What do you do when you meet a bear on a walk? Copy this 12-year-old

A video of Alessandro Breda encountering the animal in the Dolomites has gone viral

Eyewitness footage captures a 12-year-old boy keeping remarkably calm as he retreats from a Marsican brown bear during a family hike in Italy’s Brenta Dolomites. Video: Loris Calliari/Storyful

 

Showing remarkable aplomb, 12-year-old Alessandro Breda slowly tiptoes down a scrubby hill during a walk in the Dolomites. “Photo,” he whispers hoarsely to his companion, Loris Calliari, who assures him he’s taking one. “Come, Ale, come,” says Calliari. “Don’t turn your back to him.”

“Him” is the sizable brown bear shadowing the boy as he makes his descent during a family hike. Alessandro loses a smidgen of cool only after his grandmother, waiting below, becomes aware of what is happening and begins howling with fear. “Stop! Stop!” Alessandro urges her. But even then he manages to keep his grip on a bag of pine buds he has been gathering.

The scene was captured on video on Sunday by Calliari – the boy’s mother is his girlfriend – during the hike in the Adamello-Brenta Nature Park in Trentino, in northern Italy.

Alessandro’s remarkable composure is no accident. In an interview with the Italian broadcaster RAI, he says he recently watched a video on how to behave if you run into a bear. “I’d learned that if you yell, the bear becomes agitated and becomes much more aggressive,” he explains. In fact, Alessandro did everything he was supposed to do. He kept his cool, didn’t yell and walked slowly away, as experts advise.

There are between 82 and 93 bears residing in an area that includes the nature park of nearly 1,500sq km, according to the department’s most recent report, but conflicts there between human and bear are rare. There have been three maulings in the area since 2014.

“In all three cases they were females who thought their cubs were at risk,” says Claudio Groff of the large-carnivores division of the forestry-and-wildlife department of the Autonomous Province of Trento. In Alessandro’s case, Groff says, “the bear was clearly not aggressive, and the boy behaved well.”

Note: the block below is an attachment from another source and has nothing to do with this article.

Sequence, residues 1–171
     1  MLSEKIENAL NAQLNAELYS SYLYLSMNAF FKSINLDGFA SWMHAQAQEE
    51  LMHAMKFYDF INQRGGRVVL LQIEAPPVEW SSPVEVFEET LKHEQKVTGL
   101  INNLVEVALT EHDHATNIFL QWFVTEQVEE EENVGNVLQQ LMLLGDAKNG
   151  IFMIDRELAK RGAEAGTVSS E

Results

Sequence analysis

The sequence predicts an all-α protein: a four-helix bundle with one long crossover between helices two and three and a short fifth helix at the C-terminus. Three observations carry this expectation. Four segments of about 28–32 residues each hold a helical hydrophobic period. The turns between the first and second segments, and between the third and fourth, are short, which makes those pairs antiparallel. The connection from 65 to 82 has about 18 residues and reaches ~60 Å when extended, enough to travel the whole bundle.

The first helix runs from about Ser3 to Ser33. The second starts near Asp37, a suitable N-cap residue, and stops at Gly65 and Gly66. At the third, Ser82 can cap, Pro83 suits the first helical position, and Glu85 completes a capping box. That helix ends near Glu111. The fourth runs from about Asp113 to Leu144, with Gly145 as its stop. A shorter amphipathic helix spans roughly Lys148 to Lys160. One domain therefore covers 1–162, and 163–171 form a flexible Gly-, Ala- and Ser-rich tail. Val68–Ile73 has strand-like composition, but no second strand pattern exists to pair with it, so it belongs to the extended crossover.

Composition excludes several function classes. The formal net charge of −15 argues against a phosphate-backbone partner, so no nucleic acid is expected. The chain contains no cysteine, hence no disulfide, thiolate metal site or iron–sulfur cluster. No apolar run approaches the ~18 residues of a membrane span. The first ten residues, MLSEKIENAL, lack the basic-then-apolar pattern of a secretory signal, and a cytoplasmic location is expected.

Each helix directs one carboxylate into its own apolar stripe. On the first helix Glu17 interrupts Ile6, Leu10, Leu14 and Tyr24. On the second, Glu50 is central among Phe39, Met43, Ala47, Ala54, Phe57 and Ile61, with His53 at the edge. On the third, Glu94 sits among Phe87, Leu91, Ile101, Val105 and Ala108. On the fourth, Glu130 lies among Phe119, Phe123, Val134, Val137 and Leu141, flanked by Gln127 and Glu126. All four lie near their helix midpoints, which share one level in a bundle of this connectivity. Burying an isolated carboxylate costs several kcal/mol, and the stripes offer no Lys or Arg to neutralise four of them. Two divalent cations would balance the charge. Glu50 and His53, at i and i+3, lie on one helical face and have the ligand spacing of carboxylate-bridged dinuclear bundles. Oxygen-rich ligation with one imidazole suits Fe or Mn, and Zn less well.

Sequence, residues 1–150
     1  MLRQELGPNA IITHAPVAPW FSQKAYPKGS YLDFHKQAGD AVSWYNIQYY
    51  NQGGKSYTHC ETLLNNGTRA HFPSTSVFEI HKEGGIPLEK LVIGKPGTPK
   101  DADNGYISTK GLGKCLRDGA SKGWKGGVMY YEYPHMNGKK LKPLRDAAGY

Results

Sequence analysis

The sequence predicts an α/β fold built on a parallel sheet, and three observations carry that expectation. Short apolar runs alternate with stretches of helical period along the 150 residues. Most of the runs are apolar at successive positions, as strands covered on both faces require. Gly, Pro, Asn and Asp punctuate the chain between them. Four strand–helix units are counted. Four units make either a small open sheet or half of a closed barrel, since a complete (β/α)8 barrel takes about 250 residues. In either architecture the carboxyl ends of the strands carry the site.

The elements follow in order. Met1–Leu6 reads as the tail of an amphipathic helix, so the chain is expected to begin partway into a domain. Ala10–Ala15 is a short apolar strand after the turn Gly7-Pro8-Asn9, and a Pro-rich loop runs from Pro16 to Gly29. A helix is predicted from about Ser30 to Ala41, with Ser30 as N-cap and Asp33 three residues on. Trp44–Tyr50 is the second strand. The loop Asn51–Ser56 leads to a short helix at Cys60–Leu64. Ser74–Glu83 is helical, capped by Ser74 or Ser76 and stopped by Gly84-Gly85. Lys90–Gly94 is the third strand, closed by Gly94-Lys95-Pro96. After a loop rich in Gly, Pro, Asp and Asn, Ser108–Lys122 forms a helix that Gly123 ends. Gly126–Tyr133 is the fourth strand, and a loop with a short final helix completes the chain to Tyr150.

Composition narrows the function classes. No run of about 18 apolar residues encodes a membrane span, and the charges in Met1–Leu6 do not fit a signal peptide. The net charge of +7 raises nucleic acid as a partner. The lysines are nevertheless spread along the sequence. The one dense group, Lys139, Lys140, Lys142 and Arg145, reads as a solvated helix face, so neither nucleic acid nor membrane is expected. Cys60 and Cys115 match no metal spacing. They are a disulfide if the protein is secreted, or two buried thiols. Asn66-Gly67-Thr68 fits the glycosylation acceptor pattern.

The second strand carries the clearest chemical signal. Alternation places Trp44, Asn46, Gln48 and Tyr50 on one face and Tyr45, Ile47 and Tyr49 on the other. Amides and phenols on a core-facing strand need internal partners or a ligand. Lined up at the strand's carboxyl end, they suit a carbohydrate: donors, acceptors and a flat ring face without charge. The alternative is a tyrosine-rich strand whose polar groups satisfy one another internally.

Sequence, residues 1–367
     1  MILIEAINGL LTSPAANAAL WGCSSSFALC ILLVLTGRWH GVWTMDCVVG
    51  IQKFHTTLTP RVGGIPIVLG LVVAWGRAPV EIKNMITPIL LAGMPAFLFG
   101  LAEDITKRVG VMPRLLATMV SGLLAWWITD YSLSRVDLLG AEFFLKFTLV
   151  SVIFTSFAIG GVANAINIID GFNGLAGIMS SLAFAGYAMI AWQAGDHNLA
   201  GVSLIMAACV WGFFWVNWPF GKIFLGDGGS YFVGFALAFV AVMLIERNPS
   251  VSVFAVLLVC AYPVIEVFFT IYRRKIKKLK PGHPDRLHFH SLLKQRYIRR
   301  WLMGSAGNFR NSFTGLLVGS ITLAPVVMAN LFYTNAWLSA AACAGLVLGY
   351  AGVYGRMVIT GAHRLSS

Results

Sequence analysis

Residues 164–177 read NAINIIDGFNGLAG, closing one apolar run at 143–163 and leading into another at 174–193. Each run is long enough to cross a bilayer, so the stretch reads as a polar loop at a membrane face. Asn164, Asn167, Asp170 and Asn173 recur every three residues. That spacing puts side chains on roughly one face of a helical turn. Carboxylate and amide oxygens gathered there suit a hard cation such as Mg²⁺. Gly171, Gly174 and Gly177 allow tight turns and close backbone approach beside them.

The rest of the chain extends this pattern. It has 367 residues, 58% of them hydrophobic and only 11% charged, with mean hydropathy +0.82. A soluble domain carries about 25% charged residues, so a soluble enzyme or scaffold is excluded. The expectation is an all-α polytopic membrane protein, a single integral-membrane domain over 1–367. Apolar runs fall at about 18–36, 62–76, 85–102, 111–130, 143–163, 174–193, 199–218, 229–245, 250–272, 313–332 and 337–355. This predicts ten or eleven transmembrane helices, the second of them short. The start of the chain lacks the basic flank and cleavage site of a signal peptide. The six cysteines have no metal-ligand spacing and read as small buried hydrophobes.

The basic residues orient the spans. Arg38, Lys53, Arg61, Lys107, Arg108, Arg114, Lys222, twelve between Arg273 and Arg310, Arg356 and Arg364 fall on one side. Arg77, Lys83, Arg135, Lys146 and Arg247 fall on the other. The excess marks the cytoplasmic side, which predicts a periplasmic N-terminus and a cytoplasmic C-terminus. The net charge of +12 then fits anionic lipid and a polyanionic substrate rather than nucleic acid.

Marco Galaverni, scientific director of WWF Italy, says that such encounters, especially at such a close range, are rare in the Alps. He, too, says that the bear Alessandro ran into had not been behaving aggressively and that it was “merely curious about a child with something in his hand”.

Although the video shows the bear rearing up on its hind legs a few times, that is not threatening behaviour, Galaverni says. Bears don’t see well, he explains, so they rise up “to study the situation and capture more smells”. “When a bear is feeling aggressive, it makes that pretty clear.” So while the episode captured on video might have been scary, Galaverni says, the actual risk to the boy was relatively low. “You’re much more likely to be attacked by a neighbour’s dog.”

Calliari, Alessandro, his mother and other family members encountered the bear while hiking above 2,000m. They had gone to pick the buds of the mugo pine tree, a shrubby evergreen that grows low to the ground, which are used to make syrup.

Bears like to bed down in the trees during the daytime hours, when they are less active. “I’m pretty sure that the bear had been sleeping, because we hadn’t seen it coming up,” Calliari says. Calliari had watched the bear-safety video with Alessandro, so he also knew what to do. He felt confident, he says, that the bear would not attack, which is why he took the video. The attacks came only later, after he had posted the video online. “I’ve been bombarded with telephone calls,” he says.

Alessandro says in the TV interview that he loves nature and animals and that he thinks the bear “behaved well” toward him. Calliari says that Alessandro is not at all shaken by his close encounter with nature and that he can’t wait to go hiking again. Are he and the boy’s mother equally enthusiastic? “A little less,” Calliari says. – New York Times